Wednesday, April 6, 2011

The Biz

They've remade Arthur?


The original wasn't worth watching!

What was the original good for? A song. A chance to hear Sir John Gielgud swear like a sailor.

Honestly, Hollywood needs to get a clue.

This is nowhere near enough to hang a whole post on. Normally I would just chuck it into an email to my old friend BC. But Hollywood has become, if not a sore subject, at least a dead end between the two of us.

It doesn't matter if I write to him about a picture that I liked. It doesn't matter if I write to him about something that I didn't like. Hell fire, it doesn't even matter if we completely agree: the other night I wrote to tell him that I'd just metaphorically "walked out" on Spider-Man 3 because it was such a dreadful movie; in response, I got the same tirade that I always get from him these days when the subject of Hollywood comes up. Really, it amazes me that he has the patience to retype it so often.

The thing is, crap like remaking Arthur and True Grit and Mildred Pierce, crap like Hop and Sucker Punch and The Three Musketeers -- It doesn't just make it hard to argue a contrary position, it makes me not want to do so.

The movies get made, and people actually pay money to go see them. As long as that keeps on happening, it doesn't matter if people come away from the experience feeling cheated. What counts is the voting with money.

I don't believe that it's as fundamentally simple as BC appears to think. I believe that, in particular, young people are struggling with the culture that they've been given to live with. My last girlfriend, lo those many years ago, had a teenaged son and daughter. One afternoon the son had friends over and we all sat down to watch a movie.

It was Little Nicky, with Adam Sandler.

I'd never seen a Sandler picture before, so I was open to checking it out. The kids, all of them, told me "This movie is so funny! It's so funny! You've got to see this!"

Well, as the movie unfolded, it came as no surprise to me to discover that it wasn't funny at all -- rather, it was one of the dumber pieces of junk that I'd seen up to that point.

What surprised me was the reaction from the kids. They just sat there with blank looks on their faces.

I said to them, "I thought you liked this movie. I thought you said this was funny!"

All of of them nodded and affirmed, like True Believers, "Oh, it is, it is!"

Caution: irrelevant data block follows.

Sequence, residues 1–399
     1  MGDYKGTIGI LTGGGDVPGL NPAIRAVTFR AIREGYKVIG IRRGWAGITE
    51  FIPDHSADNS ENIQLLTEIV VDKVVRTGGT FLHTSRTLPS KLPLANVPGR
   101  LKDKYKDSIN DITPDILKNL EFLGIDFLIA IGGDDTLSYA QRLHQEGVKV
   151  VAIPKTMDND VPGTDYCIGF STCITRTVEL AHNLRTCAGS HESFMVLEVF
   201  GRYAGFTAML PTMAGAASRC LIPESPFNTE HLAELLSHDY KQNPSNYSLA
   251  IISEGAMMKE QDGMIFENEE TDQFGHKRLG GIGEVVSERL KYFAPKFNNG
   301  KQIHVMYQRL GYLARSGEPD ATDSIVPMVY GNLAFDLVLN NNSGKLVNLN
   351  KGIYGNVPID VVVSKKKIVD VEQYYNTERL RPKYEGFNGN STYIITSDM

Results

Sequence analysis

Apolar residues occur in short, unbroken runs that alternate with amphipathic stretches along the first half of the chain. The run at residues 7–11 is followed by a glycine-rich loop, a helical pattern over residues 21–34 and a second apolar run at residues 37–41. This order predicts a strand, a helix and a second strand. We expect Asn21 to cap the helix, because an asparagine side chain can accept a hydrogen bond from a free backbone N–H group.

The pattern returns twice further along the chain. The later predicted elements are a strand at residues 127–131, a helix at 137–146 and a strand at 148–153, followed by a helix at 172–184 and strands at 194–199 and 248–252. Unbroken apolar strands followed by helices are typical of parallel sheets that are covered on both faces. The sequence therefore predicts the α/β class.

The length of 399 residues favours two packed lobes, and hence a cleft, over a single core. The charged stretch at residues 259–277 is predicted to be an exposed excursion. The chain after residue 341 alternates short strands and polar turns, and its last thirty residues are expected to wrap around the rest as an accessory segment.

I did not say it out loud, but I thought it: But, you aren't laughing. You're not giggling, chortling, snorting. You're not even cracking a grin or a faint Mona Lisa smile. You look as bored as I feel.

Shortly after that, I left the room. Better to spend time with C____ than to misguidedly attempt to "bond" over something as puerile as Little Nicky.

But now I think that they believed the movie was funny even though they weren't laughing. I think they believed it was funny because that's what they'd been told, and none of them had anything better to compare it with. I believe that those poor kids had never been exposed to real comedy, and so they took what they were given at face value.

I can only hope that some of them have been exposed to TCM by now. But I doubt it.

We're Americans: and so we are all very well trained to eat whatever shit we are served. So inevitably, the culture is doomed to suffer and endlessly spiral into -- not mediocrity, because we are already long past that point -- how can I put this politely?

Jacques Cousteau, "The Sea King," once said that he did not eat shellfish of any kind, "and you wouldn't either, if you knew what they ate."

So much of our culture is now made up of shellfish eating other shellfish eating other shellfish that it's sometimes hard to see a way back.

The difference between BC and myself is, I haven't given up on it. Still willing to view selectively, and rely on my instincts to steer me away from most of the junk.

Maybe it's because I've met so many people on Facebook and in life who are not willing to eat whatever shit they are fed, who do care about story and who love good movies and good books and can tell the good from the bad.

Maybe it's also because some projects still manage to get made that are worthy of being made. It doesn't happen so often as it used to, but it does happen. I wrote about Jean-Pierre Jeunet a couple of weeks back and think that he's a great example: all the more because he uses all the techniques, the modern and the primitive, including all of the CGI tools that are misused and abused by people with less talent: he shows us that the tools can be used for Good in the hands of an artist.

As long as there are people like that working in the industry, and thriving, I won't give up on the Dream Factory entirely. . . no matter if Peter Cook's Devil from the original Bedazzled often seems to be in charge.

-- Freder.

1 comment:

  1. Ah, I share your dismay (at times). And I do agree about "Arthur" - not funny the first time. But - and I'm taking a deep breath here and coming from a positive place - if every original was the end, we'd never seen another Shakespeare play (or film). I tend to be cranky about re-makes of classics (not Arthur - who cares?) - but I try to approach them as without the original lurking in my mind. Agreed that is sometimes really hard! I did like "True Grit" for many reasons (nice to see a real western, good acting) and am hanging in with "Mildred Pierce." Totally agree that the "comedies" are just dismal, but look at all the money they make! Hollywood plays to the adolescent mentality and if you are anything remotely resembling a grown-up, either in age or taste, better beat it to TCM! And - if anyone gets the bright idea of re-making Citizen Kane - I'm outta here!


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